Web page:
|MIXING METHOD||HOW||CAKE TYPE(S)|
Creaming (Fat-sugar, Cake or Conventional)
The butter, margarine or shortening is beaten to soften it to a plastic state. Then, the sugar is beaten in, called the Creaming Method. Eggs are then added. Finally, flour and dry ingredients added alternately with the liquid ones in portions. The process begins and ends with the dry ingredients. Use the mixer's flat paddle attachment when mixing.
|High ratio (Two-Step)||Mixing all the dry and sugar ingredients first, then beating in cold, |
but softened butter. Then, the eggs and liquid ingredients are slowly added. Use the mixer's flat paddle attachment when mixing.
|High ratio shortened (butter) cakes|
Foaming (Egg-sugar, Sponge)
Whipping eggs (whole, yolks only or whites only) with a portion of the sugar. The egg foam is folded into the batter in the end. Or, egg whites are foamed and flour is sifted over, and folded in. Both methods call for the Whisk Attachment.
Unshortened or Foam Cakes: Whipping eggs (whole, yolks only or whites only): Sponge
All-ingredient (Single stage, quick-mix, one-bowl or dump)
All dry and liquid ingredients are mixed together at once.
|Muffin (Two Stage)||Dry and moist ingredients are mixed separately and then combined and blended until the dry ingredients just become moist.||Oil cakes|
|Biscuit||Similar to the Pastry-blend method. Flour and all dry ingredients are combined. Fat is then cut into the flour mixture until it resembles coarse cornmeal. Liquid is added last. Dough is mixed just until moistened.|
|Pastry-blend||The fat is cut into the flour. Once the flour is added, the dough should be mixed well, but not beaten at length for this will toughen the recipe.|
Ingredients stirred / whisked with minimal incorporation of air
Ingredient temperatures are important in a recipe. Most recipes specify using room temperature butter and eggs. and other perishable ingredients, such as milk. SARAH SAYS: But, that is not really necessary any more when using today's stand mixers. At baking911.com, I have found, through extensive testing, that you can use them COLD right from the refrigerator; no more waiting for ingredients to come to room temperature. I have added this special innovation to my cake cake recipes, making it faster, easier, more foolproof to make cakes.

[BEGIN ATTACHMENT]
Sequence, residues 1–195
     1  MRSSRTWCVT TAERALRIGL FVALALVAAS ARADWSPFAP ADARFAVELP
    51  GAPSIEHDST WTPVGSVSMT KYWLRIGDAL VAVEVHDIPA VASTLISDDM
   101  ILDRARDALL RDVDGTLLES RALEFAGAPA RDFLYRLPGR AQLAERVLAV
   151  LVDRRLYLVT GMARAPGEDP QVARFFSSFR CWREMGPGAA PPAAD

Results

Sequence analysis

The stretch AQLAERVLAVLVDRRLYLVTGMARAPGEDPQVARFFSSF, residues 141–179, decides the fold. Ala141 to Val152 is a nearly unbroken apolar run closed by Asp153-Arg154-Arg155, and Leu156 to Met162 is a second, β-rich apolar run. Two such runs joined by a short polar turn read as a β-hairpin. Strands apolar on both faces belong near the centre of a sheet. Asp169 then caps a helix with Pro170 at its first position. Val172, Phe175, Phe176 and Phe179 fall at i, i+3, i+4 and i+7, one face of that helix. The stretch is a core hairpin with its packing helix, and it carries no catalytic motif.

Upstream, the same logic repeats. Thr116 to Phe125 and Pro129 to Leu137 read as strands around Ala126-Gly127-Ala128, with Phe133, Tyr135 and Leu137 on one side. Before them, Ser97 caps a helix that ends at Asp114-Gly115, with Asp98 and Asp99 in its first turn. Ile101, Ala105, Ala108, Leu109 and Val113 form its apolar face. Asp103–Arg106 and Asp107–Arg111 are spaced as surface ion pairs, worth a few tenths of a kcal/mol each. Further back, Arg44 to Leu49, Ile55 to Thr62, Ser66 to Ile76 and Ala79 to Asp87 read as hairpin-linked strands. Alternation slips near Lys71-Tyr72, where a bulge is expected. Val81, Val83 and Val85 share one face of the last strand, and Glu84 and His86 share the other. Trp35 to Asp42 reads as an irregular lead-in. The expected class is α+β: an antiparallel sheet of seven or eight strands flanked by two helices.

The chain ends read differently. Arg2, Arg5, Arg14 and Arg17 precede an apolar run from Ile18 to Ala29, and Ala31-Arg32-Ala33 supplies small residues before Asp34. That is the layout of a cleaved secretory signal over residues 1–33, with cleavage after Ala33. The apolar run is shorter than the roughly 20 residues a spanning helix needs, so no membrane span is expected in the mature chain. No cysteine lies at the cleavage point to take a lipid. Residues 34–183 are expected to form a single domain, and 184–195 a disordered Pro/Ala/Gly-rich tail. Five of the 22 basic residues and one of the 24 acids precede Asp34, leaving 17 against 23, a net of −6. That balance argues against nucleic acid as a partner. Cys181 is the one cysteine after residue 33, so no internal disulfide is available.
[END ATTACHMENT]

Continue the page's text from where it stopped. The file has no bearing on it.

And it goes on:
SHORTENED CAKES: My research through scientific cake journals shows that the temperature of finished butter cake batter, whether its a yellow or white, Devil's Food or pound cake, should be around 68 to 72 degrees F. It is very important because its end temperature affects the viscosity of the batter which in turn affects both the stability of the batter and its ability to incorporate air throughout the mixing process.
I have found that cake batters will reach the proper 68 to 72 degree F end mixing temperature when using cold ingredients. Instead, when using room temperature ingredients, and then mixing with a stand mixer, the finished batter temperature can often be around 75 degrees F or higher, which is considered too warm to ensure a successfully aerated baked cake. Cakes will tend to be flatter and dense, as a result.
SHORTENED (BUTTER) CAKES: Through my extensive research, I have found that there are a type of recipes called "ice water" cake recipes, where ice water or milk is used instead of room temperature ingredients, resulting in very tender cakes. Upon adding water to a recipe, it hydrates the starch particles, the dough is initially formed, and it begins to hydrate the gluten proteins in wheat flour, where gluten is formed when it is subsequently mixed. The reason that ice water or milk will result in tender cakes is that it is a known fact that cold temperatures will help to inhibit gluten formation in recipes.
UNSHORTENED (FOAM) CAKES: Typical recipes will specify "whip the egg whites" or "beat the yolks." These cakes rely upon eggs and/or yolks for their leavening. I have found through extensive testing that you can start with cold eggs right from the refrigerator. Its because they will quickly warm from the friction produced from the beaters, and will achieve their proper volume. It's really the age of the eggs that determines how well an egg will hold air, not their initial temperature when using today's stand mixers; the fresher the better.
TIP #8: Quickly place the batter into the prepared pans. Gently smooth their tops. Unless otherwise specified, the pan should be filled no less than half and no more than two-thirds full. The batter in tube pans is an exception as it is usually about 1-inch from the top, as are cheesecakes. Their batters typically fill the whole pan. Gently and quickly smooth the batter with an offset or rubber spatula; do not press down when doing so.
TIP #9: Bake your cake immediately after filling your pans.
USEFUL CHARTS - BAKING TIMES AND BATTER AMOUNTS
If the batter is allowed to sit too long after mixing, carbon dioxide and air will escape, leading to poor volume and increases the coarseness of the cake. The pans should not be allowed to touch each other or the sides of the oven or directly above or below one another. Heat plays several important role during cake baking, and when the oven door is opened, it loses about 50 degrees F, and more.
The optimum baking conditions for cakes are determined by such factors and the richness or leanness of the cake recipe, the flow and density of the cake batter, pan size etc. Cakes which are larger in size and / or are richer in formulation generally are baked at lower oven temperatures for longer periods of time when compared with leaner formulations and/or smaller size cakes.